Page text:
Ancient holy texts revealed by God and man
The Word, verily, is greater than name. The Word, in fact, makes known the Rig Veda, the Yajur Veda, the Sama Veda, the Atharva Veda as the fourth, and the ancient lore as the fifth: the Veda of Vedas, the ritual for ancestors, calculus, the augural sciences, the knowledge of the signs of the times, ethics, political science, sacred knowledge, theology, knowledge of the spirits, military science, astrology, the science of snakes and of celestial beings.
Sama Veda, Chandogya Upanishad 7.2.1.
The Vedic Experience, Panikkar, p. 11
Than whom there is naught else higher, than whom there is naught smaller, naught greater, the One stands like a tree established in heaven. By Him, the Person, is this whole universe filled.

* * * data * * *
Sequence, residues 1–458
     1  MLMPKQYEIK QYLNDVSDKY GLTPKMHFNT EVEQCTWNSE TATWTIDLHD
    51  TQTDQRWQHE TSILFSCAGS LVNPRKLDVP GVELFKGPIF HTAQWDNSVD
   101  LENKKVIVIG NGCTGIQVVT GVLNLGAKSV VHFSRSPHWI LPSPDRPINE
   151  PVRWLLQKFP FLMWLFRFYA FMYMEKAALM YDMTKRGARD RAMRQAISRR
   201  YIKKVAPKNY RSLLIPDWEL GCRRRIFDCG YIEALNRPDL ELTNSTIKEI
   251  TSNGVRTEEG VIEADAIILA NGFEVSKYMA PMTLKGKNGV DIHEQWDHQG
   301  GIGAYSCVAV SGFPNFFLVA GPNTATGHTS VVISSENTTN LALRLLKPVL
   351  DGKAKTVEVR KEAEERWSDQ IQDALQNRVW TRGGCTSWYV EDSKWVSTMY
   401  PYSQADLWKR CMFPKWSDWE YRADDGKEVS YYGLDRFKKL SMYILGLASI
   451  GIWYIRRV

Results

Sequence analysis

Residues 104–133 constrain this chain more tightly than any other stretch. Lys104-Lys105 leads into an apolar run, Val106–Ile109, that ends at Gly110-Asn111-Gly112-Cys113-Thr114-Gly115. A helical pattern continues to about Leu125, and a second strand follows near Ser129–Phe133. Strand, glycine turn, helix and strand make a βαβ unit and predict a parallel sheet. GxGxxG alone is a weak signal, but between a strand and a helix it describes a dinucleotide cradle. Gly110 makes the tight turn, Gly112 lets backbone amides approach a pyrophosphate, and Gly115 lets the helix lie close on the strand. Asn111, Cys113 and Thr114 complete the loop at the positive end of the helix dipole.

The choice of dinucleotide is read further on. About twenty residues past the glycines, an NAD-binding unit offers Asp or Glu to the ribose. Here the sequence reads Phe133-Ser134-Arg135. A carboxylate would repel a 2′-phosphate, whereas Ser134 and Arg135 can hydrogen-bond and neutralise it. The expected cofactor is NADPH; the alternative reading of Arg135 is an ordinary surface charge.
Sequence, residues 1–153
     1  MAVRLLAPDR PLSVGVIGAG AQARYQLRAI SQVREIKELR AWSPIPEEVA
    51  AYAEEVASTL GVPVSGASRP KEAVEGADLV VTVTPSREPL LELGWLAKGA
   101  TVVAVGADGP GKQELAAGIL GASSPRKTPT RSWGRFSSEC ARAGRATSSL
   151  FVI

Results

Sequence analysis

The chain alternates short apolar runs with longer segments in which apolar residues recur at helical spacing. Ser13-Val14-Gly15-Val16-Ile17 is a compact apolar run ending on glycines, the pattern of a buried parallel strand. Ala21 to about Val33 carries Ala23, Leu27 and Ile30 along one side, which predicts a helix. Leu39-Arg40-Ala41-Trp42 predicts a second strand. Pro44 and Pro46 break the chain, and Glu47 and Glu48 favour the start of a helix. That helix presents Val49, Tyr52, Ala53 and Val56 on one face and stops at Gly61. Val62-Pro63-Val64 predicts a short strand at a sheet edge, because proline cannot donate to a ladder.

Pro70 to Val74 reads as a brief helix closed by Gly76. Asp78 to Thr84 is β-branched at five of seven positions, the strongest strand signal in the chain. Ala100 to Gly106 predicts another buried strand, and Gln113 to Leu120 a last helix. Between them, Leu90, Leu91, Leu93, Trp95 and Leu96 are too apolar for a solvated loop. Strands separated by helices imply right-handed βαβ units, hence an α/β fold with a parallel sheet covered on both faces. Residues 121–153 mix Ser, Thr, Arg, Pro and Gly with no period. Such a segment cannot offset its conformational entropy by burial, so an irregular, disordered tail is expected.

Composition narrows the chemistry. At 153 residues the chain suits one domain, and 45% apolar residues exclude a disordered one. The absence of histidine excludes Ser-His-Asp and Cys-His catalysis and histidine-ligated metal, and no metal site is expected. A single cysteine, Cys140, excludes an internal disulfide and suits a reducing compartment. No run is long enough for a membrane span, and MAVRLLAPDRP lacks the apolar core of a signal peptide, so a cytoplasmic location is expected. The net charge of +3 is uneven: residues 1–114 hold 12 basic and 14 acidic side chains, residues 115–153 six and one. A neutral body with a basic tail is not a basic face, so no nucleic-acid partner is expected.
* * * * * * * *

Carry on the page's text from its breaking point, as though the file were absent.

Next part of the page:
Krishna Yajur Veda,
Shvetashvatara Upanishad 3.9,
The Principal Upanishads, Radhakrishnan, p. 727
The man who rejects the words of the scriptures and follows the impulse of desire attains neither his perfection, nor joy, nor the Path Supreme. Let the scriptures be, therefore, thy authority as to what is right and what is not right.
Bhagavad Gita 16.23-24, Mascaro, p. 111
Presenting a mountaintop view of the vast library of wisdom that molds and influences Hindu life